However, by using fixed threshold techniques, some steps may not be detected due to offsets or shifts in the accelerometer. For example, when a user of the device is running, the average acceleration of the device may be higher due to the greater acceleration of each footstep and the overall faster forward motion. Due to the higher offset of average acceleration during running measurements, some negative slope 88 to positive slope 86 threshold crossings may not be detected. For example, the negative slope 88 to positive slope 86 transition at point 94 in the graphed modulus 52 does not cross the 1 g threshold between peaks 92a and 90a. As a result, while peaks 92a and 90a may actually correspond to two steps (e.g., a left step and a right step), conventional threshold filtering techniques may detect only one step due to the lack of a negative to positive transition (e.g., point 94) crossing below the fixed 1 g threshold.

These methods allow for a finer set of data due that can conform more readily to changes in stride and a user’s personal physical attributes. On that point, a GUI is also implemented into which weight, height and other user specifics can be entered for processing with the given algorithms.

By using these advanced methods, a more accurate assessment of user motion can be tracked, consequently generating more accurate pedometer data.

The language goes on to detail the various algorithms and implementations of adaptive threshold and frequency filtering.

Third-party app makers have indeed created pedometer software that uses data from the iPhone’s built-in sensors to track steps taken and estimated distance traveled, but Apple itself has yet to launch such an asset. Furthermore, the invention seeks to improve upon existing techniques, suggesting the company is planning to implement the tech in a pedometer app, or possibly a wearable device like the much-rumored “iWatch.”

All three applications were filed for in September of 2011 and credit Yash Rohit Modi, Vinay Bethgiri Ganesh Dixit and Saurabh Gupta as their inventors.

Stay tuned for additional details as they become available.

Parallels Desktop updated to 8.0.18483

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Date: Thursday, April 4th, 2013, 07:38
Category: iMac, News, Software

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Late Thursday, Parallels released version 8.0.18483 of its Parallels Desktop virtualization software. The new update, a 320 megabyte download, adds the following fixes and changes:
– Better compatibility with new iMacs.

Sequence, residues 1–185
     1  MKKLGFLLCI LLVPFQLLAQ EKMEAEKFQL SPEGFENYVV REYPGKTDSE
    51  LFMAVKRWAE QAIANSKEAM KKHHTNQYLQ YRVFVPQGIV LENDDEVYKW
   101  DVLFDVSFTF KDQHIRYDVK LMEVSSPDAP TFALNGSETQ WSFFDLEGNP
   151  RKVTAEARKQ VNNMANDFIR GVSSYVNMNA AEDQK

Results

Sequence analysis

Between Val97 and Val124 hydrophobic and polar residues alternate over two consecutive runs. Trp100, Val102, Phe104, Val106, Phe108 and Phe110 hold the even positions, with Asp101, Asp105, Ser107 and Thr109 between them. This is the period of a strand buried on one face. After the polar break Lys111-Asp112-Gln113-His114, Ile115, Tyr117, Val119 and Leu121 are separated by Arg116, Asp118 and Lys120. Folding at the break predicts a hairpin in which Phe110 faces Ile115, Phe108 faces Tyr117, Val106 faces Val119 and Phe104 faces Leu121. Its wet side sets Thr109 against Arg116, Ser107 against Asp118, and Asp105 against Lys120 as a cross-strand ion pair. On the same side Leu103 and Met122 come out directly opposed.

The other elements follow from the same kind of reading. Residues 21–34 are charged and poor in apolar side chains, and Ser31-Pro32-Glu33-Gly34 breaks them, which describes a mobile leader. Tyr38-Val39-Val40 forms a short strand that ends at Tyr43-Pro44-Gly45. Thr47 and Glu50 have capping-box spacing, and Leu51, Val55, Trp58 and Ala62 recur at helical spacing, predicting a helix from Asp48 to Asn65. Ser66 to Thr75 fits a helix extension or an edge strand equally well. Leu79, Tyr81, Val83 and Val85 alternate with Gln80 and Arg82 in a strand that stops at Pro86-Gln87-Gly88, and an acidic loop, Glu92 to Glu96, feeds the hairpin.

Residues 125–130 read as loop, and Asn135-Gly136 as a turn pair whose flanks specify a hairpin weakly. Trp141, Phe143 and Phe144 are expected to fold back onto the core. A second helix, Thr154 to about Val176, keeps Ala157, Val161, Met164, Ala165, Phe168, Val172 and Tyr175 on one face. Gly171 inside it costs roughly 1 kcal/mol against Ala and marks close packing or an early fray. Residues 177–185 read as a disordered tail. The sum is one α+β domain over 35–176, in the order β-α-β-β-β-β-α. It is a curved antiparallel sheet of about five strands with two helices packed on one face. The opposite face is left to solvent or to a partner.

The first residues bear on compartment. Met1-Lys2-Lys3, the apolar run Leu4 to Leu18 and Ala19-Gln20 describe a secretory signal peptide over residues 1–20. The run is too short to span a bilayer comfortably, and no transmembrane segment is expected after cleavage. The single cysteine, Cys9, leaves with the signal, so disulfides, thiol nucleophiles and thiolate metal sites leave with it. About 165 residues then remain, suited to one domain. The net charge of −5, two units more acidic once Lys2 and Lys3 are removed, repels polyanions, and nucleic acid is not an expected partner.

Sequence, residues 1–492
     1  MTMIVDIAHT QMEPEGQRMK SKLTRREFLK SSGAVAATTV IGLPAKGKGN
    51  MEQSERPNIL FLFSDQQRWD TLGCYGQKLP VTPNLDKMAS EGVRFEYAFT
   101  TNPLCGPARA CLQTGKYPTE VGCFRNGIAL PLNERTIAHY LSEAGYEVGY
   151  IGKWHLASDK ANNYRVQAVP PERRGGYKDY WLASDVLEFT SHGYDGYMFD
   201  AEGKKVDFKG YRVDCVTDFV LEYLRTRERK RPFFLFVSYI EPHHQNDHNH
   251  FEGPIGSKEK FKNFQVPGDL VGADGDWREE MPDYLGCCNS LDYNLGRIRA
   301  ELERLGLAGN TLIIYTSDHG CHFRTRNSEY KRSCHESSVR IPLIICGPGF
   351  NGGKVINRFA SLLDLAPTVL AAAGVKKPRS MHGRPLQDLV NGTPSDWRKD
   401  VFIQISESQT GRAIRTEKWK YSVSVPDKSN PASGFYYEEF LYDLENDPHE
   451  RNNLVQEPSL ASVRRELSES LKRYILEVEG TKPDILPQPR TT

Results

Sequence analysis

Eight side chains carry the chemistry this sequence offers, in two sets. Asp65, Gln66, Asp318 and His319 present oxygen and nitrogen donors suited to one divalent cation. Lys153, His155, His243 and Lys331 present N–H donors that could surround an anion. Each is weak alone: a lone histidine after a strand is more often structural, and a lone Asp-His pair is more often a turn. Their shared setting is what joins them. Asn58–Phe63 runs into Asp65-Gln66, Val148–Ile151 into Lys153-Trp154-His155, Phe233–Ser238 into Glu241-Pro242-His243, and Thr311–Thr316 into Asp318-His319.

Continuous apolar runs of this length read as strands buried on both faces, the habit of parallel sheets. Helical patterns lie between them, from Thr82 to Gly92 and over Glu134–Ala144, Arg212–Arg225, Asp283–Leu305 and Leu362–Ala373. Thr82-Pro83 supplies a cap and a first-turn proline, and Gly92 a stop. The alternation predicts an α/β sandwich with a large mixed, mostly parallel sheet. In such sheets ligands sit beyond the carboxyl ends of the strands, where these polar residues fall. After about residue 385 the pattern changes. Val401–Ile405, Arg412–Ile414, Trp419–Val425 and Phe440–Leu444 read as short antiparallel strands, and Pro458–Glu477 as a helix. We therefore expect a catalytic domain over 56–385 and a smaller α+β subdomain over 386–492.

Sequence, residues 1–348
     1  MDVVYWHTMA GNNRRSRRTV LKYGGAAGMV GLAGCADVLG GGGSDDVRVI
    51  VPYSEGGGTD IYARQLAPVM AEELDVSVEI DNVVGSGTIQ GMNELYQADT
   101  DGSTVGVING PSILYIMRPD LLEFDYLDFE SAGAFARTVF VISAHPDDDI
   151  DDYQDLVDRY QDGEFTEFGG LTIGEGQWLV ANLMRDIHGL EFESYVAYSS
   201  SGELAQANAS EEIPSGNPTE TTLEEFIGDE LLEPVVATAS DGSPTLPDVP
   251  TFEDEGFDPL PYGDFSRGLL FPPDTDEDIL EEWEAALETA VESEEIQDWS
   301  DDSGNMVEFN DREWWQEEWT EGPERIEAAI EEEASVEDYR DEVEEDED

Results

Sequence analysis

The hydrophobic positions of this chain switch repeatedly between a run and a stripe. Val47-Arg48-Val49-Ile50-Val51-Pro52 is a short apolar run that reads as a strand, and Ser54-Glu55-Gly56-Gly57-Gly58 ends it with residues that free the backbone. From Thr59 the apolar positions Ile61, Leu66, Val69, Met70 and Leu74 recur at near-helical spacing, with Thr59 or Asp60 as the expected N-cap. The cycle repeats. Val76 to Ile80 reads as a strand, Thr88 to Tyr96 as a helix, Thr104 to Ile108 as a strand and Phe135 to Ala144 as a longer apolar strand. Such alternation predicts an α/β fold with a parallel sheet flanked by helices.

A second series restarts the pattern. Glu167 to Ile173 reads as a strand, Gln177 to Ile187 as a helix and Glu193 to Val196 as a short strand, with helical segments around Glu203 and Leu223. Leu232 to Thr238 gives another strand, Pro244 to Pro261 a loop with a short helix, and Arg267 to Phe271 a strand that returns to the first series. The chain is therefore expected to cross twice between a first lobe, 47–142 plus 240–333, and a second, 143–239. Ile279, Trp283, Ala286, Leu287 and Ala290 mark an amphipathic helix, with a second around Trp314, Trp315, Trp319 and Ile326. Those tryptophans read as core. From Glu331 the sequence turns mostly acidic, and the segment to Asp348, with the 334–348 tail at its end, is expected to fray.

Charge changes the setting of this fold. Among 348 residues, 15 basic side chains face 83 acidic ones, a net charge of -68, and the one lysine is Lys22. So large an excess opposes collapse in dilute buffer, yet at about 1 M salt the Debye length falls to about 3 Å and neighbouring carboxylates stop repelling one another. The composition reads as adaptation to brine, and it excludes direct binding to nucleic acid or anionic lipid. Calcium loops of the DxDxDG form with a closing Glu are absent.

– Create Boot Camp virtual machines on new iMacs with 3 TB hard drives.

– Create virtual machines from the Boot Camp partition with Windows 8 installed.

– Support for Fedora 18.

– Fixed visual artifacts when changing screen resolution in a Windows 8 Pro virtual machine with more than 256 MB of video memory and nested virtualization enabled.

– Resolves an issue with the Command + click combination not opening links in new tabs in Windows browsers (Internet Explorer, Mozilla Firefox, Google Chrome, etc.).

Parallels Desktop 8 retails for US$79.99 and requires a 64-bit Intel-based processor, Mac OS X 10.6.8 or later, 2GB of RAM (4GB recommended to run Windows 7), at least 700 MB of space available on the boot volume for Parallels Desktop installation and 15 GB of available disk space for Windows.

If you’ve tried the new version and have any feedback to offer, let us know in the comments.

OnyX updated to 2.6.8

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Date: Thursday, April 4th, 2013, 06:08
Category: News, Software

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You can’t knock a helpful update.

OnyX, Titanium Software’s popular freeware multifunction utility for Mac OS X, has been updated to version 2.6.8. The new version, a 16.9 megabyte download via MacUpdate, adds the following fixes and changes:
– Deleting the Internet Cache improved.

– Deleting the Fonts Cache improved.

– Deleting the Recent Items improved.

– Bug corrected in the authenticate pane.

– Bug corrected when restoring the logo of Login window.

– Maintenance > Scripts pane improved.

– Help improved, corrected, and reindexed.

– New option: Show the Displays Extras menu with resolutions.

– New option: Show/hide shadow in window captures.

– New option: Show/hide the Reminders Debug menu.

– New option: Show/hide the Photo Booth Debug menu.

– New option: Lock/unlock the screen of automatically logged in user.

– New option: Show the dark menu bar in fullscreen mode.

– New version of sqlite3.

– Network Link Condition prefs pane updated to version 2.0.

– Misc. minor corrections.

OnyX 2.6.8 requires an Intel-based processor and OS X 10.8 or later to install and run.

If you’ve tried the new version and have any feedback, please let us know in the comments.